When it comes to the static factors, there is some agreement that definitions are based on the broad asset classes. There is much less consensus concerning the precise number and construction of the dynamic factors. For example, though most market pundits would agree on value as a dynamic factor, there is no agreement, even among equity analysts, on whether it should be defined based on P/E, price-to-book or dividend yield. Some providers of risk models — which are designed to use these systematic factors to describe the returns of an equity portfolio — often include all three of them as factors, in addition to several others.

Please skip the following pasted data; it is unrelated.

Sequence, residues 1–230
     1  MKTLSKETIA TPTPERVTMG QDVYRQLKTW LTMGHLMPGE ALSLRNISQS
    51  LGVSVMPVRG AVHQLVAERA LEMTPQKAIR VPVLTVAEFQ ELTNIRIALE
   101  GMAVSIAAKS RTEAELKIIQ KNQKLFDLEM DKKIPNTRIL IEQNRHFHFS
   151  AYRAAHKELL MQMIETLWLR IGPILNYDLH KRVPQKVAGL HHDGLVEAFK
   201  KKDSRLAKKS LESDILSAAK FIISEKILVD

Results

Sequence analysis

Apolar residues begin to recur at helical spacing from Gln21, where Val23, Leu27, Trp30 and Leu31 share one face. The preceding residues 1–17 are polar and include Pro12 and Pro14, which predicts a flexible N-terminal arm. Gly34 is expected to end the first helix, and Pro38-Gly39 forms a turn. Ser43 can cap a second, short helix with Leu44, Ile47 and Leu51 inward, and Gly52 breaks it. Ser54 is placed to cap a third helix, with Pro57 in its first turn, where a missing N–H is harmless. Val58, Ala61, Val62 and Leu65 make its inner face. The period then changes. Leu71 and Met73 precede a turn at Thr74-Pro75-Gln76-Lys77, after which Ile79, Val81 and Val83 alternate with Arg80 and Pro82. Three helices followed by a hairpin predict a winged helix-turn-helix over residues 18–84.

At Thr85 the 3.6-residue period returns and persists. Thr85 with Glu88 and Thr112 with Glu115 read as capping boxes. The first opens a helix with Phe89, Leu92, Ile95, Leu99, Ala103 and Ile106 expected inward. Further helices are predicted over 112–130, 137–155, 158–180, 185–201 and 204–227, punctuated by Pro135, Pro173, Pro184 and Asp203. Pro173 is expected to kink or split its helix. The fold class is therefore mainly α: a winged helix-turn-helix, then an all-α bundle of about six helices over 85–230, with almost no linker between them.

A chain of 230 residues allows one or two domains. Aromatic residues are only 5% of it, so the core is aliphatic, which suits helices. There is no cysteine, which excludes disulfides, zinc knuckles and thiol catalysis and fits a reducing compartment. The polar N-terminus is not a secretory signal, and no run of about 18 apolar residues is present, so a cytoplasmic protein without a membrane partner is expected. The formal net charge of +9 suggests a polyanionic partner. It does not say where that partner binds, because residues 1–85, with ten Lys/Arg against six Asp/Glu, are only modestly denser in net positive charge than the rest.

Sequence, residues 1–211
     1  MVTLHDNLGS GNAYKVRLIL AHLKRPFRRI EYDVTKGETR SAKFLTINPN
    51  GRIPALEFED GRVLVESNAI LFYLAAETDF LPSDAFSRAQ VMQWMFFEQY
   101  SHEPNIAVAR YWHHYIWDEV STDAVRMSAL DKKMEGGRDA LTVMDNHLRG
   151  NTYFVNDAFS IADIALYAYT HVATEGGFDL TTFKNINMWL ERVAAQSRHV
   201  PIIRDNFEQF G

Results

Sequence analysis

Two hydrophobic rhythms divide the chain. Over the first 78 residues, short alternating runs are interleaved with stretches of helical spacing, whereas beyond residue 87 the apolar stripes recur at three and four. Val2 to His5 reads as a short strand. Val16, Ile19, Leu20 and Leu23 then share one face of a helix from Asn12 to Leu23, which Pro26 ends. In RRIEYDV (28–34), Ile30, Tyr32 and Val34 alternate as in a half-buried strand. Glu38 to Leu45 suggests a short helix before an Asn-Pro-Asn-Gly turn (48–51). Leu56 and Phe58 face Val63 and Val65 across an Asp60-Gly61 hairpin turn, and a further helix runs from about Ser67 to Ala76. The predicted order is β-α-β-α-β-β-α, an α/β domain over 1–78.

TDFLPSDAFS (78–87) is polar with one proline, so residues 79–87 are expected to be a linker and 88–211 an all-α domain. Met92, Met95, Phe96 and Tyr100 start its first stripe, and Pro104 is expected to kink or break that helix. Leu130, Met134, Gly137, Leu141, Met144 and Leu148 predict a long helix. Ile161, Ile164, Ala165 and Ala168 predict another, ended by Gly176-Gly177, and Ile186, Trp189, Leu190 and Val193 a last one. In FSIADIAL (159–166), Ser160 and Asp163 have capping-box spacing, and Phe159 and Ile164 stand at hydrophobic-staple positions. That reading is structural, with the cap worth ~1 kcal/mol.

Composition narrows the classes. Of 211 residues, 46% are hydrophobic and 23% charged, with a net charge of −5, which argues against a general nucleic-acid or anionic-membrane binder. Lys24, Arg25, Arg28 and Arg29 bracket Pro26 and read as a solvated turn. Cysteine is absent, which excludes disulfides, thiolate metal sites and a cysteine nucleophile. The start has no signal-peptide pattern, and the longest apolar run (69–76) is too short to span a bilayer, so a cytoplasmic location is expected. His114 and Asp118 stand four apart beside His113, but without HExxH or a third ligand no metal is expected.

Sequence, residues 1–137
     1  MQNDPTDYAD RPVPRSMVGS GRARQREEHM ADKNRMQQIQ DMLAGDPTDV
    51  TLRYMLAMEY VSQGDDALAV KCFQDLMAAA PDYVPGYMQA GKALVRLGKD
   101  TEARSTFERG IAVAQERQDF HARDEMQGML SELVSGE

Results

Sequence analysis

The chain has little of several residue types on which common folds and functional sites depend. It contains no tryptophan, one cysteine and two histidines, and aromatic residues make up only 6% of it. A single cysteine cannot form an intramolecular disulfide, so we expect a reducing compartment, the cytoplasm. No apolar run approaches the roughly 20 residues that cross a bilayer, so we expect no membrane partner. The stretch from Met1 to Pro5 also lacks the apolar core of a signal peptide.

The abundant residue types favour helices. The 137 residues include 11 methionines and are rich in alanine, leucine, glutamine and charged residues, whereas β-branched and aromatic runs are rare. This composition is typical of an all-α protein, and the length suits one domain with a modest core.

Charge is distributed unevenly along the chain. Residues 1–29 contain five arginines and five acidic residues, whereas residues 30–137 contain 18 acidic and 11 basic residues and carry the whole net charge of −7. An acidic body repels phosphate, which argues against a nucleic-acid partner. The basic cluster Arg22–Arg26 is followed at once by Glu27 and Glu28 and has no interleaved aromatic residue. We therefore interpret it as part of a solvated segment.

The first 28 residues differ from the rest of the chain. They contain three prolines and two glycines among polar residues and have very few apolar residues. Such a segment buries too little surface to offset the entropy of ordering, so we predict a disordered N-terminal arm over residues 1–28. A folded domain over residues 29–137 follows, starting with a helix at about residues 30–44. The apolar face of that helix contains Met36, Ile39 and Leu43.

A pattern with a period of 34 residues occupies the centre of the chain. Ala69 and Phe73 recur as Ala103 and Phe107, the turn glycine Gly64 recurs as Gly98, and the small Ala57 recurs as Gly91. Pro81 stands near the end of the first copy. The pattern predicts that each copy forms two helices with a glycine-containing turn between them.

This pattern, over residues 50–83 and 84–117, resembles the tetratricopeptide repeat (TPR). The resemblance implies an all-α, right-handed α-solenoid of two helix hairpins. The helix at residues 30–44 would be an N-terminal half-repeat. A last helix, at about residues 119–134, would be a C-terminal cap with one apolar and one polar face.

The first major hurdle to moving from asset classes to a factor-based approach is agreeing on the number and definition of the factors that are to be used in the allocation process. Once an agreement has been reached, the standard asset allocation tools — mean-variance optimization, scenario analysis, risk allocation — can be implemented to determine the desired factor allocation. One of the difficulties in using a risk factor allocation stems from the fact that most investors face a leverage constraint. In a typical asset allocation exercise, investors avoid using leverage by limiting the total asset exposure to 100 percent of capital; when it comes to risk factor allocation, in which leverage restrictions vary across asset classes, the process is more complex.